"Inevitably there comes a time when someone in my social circle asks what’s the most glamorous event I have ever attended (or in my case planned), or the finest restaurant I have dined at. My reply, depending on the person asking, will range from Michelin-starred soirees that took months of meticulous planning to spontaneous low-key adventures which were sensational for reasons you would not expect.
'We live in a world of fantasy, a world of illusion. The great task in life is to find reality,' said author and philosopher Dame Jean Iris Murdoch DBE. Despite our dependence on sight when it comes to dining, it actually misleads us in the most basic of ways. By eliminating it one can redefine how we engage with a space and environment – transforming the experience of an entire menu. Dans le Noir in London leaves guests to navigate their menu in pitch black. Served by visually impaired waiters as guides, the menu is only revealed once dinner finishes – and you’d be surprised how off the mark your guesses are when sight is taken away. A similar concept, Noire, has recently opened at the Fairmont Dubai.
Sensory stimulation is a powerful tool. As humans we have evolved to be visually dominant but designers must also invest in stimulating not only sight but all the other senses; this allows us to differentiate the experience and our understanding of a space. Sublimotion is Ibiza's new and exclusive 12 seater restaurant, creating false realities on 360-degree screens, which heighten the dining and party experience. Created by Paco Roncero (to relive a dream), he works with chefs, engineers, illusionists, set designers, architects, choreographers and screenwriters, pioneering the dining stagecraft with technology to intensify the pleasure of eating. One moment you’re submerged within a coral reef as sea food is served in a conch shell; the next you’re in a ploughed field with a ‘garden’ of vegetables before you; or hot air balloons surround you as dessert floats down onto the table. Not only is this futuristic and fun but it engages all your senses to heighten both the taste of the food and the dining experience.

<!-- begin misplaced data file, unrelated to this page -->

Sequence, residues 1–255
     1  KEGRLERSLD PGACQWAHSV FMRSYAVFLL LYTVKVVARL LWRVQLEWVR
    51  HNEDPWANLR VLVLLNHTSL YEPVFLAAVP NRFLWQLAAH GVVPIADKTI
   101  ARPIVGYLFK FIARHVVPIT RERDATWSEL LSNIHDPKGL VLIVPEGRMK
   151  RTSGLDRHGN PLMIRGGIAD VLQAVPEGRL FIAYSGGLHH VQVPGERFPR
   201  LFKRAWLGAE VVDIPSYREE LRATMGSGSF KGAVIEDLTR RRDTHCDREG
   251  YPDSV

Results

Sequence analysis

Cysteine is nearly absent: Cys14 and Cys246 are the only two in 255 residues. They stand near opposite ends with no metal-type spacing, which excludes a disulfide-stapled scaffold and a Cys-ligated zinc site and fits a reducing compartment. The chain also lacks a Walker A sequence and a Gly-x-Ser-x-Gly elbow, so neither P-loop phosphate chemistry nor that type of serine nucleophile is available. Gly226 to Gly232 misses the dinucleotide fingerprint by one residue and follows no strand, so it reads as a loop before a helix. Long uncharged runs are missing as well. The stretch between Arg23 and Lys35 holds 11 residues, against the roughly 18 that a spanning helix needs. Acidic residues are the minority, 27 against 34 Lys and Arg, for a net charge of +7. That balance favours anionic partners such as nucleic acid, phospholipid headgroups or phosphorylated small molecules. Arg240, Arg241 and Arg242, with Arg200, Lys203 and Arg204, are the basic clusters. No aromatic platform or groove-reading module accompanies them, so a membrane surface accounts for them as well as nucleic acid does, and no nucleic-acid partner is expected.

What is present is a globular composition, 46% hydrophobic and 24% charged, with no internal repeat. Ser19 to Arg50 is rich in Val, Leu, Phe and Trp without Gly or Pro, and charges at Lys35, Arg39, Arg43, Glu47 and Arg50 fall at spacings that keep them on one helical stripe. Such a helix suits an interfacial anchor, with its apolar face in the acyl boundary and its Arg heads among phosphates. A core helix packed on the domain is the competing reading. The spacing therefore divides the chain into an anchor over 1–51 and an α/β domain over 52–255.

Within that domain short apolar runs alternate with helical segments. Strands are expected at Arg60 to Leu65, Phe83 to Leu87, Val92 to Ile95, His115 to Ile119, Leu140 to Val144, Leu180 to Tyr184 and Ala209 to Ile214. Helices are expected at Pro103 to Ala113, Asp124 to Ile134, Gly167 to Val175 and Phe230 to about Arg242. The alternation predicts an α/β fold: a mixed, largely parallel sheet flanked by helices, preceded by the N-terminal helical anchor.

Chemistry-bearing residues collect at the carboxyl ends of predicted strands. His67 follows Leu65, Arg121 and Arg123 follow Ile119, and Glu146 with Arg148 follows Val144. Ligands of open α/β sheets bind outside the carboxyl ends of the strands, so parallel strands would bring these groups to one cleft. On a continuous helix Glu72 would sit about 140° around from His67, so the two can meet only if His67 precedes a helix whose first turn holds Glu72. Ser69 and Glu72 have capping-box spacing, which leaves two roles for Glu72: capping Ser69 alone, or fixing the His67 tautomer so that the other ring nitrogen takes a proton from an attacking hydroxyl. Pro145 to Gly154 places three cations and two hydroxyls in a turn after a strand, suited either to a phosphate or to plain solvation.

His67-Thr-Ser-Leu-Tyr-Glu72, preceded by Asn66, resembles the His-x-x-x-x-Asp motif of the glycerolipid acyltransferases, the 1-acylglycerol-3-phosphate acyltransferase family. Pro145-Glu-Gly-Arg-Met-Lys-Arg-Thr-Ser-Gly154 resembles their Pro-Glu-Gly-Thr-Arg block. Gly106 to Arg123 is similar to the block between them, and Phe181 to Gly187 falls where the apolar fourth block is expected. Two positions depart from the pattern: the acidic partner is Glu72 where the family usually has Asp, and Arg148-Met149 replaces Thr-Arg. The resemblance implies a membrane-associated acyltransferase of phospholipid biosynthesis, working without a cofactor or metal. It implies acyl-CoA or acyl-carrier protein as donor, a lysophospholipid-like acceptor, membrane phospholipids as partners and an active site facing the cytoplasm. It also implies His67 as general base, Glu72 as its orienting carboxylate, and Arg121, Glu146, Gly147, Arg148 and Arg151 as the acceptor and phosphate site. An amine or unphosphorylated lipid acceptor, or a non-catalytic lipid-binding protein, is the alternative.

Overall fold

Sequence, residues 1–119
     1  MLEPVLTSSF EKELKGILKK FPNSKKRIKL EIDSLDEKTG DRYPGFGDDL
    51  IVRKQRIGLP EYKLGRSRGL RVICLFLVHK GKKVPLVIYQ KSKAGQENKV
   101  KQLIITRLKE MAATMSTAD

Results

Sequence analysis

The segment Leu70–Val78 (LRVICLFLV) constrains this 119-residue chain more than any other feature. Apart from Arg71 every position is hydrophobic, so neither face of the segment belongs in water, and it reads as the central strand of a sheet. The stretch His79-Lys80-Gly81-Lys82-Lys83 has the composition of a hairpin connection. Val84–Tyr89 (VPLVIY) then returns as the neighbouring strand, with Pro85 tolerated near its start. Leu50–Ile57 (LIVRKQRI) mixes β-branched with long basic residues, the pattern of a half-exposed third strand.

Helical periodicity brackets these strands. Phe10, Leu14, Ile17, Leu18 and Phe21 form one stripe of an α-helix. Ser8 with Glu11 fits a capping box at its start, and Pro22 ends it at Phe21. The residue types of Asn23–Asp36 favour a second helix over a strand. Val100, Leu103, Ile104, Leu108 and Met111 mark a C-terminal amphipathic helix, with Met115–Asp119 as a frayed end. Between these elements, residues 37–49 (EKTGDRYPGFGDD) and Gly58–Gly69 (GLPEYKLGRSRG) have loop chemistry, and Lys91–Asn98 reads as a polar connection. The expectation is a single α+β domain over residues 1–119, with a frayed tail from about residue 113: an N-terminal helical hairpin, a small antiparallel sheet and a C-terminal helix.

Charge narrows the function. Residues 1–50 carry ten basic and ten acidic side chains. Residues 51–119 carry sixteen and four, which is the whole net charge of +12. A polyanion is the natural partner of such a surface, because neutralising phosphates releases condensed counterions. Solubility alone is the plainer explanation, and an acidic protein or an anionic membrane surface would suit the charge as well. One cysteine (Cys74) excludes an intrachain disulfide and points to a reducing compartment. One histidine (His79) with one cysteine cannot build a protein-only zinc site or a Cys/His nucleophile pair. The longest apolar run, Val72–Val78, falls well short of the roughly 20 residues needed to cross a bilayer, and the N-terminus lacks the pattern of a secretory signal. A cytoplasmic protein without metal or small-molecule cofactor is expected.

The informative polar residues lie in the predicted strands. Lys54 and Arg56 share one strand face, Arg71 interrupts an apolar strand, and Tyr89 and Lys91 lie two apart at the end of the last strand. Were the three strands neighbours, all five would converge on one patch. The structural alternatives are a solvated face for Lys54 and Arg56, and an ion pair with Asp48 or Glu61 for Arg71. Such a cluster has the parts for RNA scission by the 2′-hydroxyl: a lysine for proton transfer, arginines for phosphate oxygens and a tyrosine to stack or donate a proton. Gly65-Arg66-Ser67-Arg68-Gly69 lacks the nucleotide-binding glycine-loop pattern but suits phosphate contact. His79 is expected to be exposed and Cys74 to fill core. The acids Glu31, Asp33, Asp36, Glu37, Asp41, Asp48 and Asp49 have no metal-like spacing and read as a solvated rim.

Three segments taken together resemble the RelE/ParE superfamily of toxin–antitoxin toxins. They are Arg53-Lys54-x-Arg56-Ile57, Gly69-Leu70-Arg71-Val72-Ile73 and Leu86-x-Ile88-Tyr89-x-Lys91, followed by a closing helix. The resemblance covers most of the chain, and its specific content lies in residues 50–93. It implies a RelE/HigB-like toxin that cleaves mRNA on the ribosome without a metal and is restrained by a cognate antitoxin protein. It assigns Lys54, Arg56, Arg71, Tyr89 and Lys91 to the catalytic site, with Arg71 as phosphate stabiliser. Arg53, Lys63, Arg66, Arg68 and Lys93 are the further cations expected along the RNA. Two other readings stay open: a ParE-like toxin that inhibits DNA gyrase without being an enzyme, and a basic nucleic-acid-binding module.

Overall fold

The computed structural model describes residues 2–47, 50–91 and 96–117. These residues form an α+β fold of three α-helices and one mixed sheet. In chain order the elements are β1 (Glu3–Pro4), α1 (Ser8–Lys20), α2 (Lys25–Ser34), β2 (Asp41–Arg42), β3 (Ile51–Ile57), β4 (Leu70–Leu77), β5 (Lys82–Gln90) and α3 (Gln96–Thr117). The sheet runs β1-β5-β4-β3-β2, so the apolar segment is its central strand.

Theatrical concepts break down the wall between passive dining and the service, inviting guests into a delightful world of adventure. London pop-up Marcos Meatballs entertains with comedic Mafia family brawls from the moment guests enter. This is a thrilling evening of murder mystery and unexpected fun with simple Italian food and drink! Challenging design conventions has a powerful effect on what we experience and remember. Tom Seller’s Story in London features edible tableware – the candlewax is dripping lard for dunking bread. Guests are also invited to bring their favourite storybook with a message about their evening, creating a vast literary installation to make the evening all the more personal.
Another fine example is by The Institute of Making; a team of amazing scientists who can be found tinkering in their labs with the materiality of matter. They’ve recently patented cutlery made of anything from wood to gold, to pair with food and optimise the flavours. Technology is taking dinner off the plate and spreading it around the room, creating unrivalled experiential dining scenarios never before tasted. Too many cooks can spoil the broth, but a whole production team will enhance it."
This article first appeared in Harper's Bazaar Interiors magazine